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Pentagon: 19,000 More Evacuated from Afghanistan


Evacuees wait to board a Boeing C-17 Globemaster III during an evacuation at Hamid Karzai International Airport, Kabul, Afghanistan, Aug. 23. (US Marine Corps photo)

With less than a week remaining before it pulls its last troops out of Afghanistan, the United States in the last 24 hours evacuated another 19,000 Americans and Afghans who want to leave their homeland, the Defense Department said Wednesday.

Even so, officials said another 10,000 people have crammed into the international airport in Kabul hoping to escape the country controlled by Taliban insurgents.

A total of 90 U.S. military and international flights flew from Kabul in the last day, one every 39 minutes during some periods. In all, about 88,000 people have been evacuated since the operation began a few weeks ago.

The scene at Hamid Karzai International Airport remains tense and chaotic, but Pentagon spokesman John Kirby said it "will not be an American responsibility" to control airport security there after August 31, the date U.S. President Joe Biden set for ending U.S. military operations in Afghanistan.

Officials said they know there “are a lot of desperate people who want to leave.”

The Pentagon said that all Afghans who supported U.S. operations over the last two decades and secured visas to enter the U.S. and have reached the airport will be evacuated. That could leave many others behind, unable to reach the airport past Taliban checkpoints.

The U.S. military said it plans to continue its evacuation effort from the airport until the Tuesday deadline if needed, but toward the end will prioritize the removal of U.S. troops and military equipment. Kirby said there are currently 5,400 U.S. troops at the Kabul airport.

Pentagon officials urged U.S. lawmakers to not travel to Kabul to witness the evacuation after Representatives Seth Moulton, a Democrat, and Peter Meijer, a Republican — both of whom served military tours of duty in the Mideast — made an unannounced trip to the Afghan capital this week to assess the situation.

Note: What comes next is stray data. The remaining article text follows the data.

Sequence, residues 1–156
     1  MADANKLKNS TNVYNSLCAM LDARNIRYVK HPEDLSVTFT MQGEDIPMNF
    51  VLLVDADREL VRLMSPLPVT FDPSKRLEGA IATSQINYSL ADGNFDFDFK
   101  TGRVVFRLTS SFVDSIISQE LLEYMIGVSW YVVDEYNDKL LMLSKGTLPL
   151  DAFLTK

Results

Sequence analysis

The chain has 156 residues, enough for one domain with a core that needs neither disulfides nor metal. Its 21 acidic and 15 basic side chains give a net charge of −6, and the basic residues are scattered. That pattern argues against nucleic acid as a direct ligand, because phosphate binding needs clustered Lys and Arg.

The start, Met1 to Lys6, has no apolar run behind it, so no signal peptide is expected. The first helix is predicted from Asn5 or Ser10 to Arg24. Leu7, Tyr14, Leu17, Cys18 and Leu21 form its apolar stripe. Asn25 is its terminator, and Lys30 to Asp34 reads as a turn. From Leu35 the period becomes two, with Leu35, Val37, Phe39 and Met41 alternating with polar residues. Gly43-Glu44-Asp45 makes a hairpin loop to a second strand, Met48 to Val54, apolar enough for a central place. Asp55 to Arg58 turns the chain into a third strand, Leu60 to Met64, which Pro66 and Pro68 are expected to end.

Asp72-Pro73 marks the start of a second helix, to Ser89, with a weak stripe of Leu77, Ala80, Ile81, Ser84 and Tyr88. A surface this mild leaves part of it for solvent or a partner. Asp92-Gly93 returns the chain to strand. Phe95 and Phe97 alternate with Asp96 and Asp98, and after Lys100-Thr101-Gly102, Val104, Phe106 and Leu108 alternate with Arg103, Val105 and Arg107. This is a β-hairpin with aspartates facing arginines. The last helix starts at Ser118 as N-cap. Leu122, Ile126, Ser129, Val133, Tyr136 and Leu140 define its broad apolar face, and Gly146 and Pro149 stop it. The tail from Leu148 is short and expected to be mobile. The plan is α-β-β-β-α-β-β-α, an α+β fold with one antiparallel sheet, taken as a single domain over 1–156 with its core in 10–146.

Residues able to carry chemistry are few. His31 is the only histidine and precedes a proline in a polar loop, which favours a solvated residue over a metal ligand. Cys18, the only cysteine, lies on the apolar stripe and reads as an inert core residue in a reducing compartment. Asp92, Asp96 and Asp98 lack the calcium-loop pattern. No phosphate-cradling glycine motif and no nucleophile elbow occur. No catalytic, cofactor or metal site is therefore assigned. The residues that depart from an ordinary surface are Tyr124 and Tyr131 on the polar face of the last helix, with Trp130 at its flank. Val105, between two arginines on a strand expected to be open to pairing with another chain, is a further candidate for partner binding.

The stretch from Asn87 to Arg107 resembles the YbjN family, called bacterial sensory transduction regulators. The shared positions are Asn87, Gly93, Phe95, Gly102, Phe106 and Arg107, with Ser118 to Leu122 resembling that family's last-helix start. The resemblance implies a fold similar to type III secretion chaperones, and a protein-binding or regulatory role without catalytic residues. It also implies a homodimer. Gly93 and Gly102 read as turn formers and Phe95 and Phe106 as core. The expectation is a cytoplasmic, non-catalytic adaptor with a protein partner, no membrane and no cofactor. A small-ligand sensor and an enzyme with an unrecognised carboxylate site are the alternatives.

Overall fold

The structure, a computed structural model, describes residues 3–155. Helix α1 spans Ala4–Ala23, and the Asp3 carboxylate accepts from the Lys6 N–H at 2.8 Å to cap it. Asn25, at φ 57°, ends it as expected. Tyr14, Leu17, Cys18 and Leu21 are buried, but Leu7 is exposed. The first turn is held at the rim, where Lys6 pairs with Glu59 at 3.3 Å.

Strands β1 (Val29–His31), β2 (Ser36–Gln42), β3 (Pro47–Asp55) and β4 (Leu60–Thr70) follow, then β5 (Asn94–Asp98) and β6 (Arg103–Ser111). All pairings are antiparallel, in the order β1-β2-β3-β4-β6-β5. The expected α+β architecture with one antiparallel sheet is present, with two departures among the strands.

“We conducted this visit in secret, speaking about it only after our departure, to minimize the risk and disruption to the people on the ground, and because we were there to gather information, not to grandstand,” the lawmakers said in a joint statement.

The lawmakers released their statement after flying out of Kabul on a chartered plane. They said that in their view, after seeing the situation firsthand and speaking to commanders on the ground, “we won’t get everyone out” before Biden’s Tuesday deadline.

House Speaker Nancy Pelosi issued a statement Tuesday saying travel to the region by members of the House of Representatives would divert resources from the evacuation operation.

“Given the urgency of this situation, the desire of some (lawmakers) to travel to Afghanistan and the surrounding areas is understandable and reflective of the high priority that we place on the lives of those on the ground,” Pelosi said.

“However, I write to reiterate that the Departments of Defense and State have requested that (lawmakers) not travel to Afghanistan and the region during this time of danger. Ensuring the safe and timely evacuation of individuals at risk requires the full focus and attention of the U.S. military and diplomatic teams on the ground in Afghanistan.”

The Associated Press cited a senior U.S. official saying the Biden administration viewed the visit by Moulton and Meijer as unhelpful, and other officials said it was seen as a distraction to the troops who have been tasked with securing the airport to facilitate evacuation flights.

South Korea announced Wednesday it planned to evacuate around 380 people who supported the country’s official activities in Afghanistan.

Some information for this report came from The Associated Press and Reuters.

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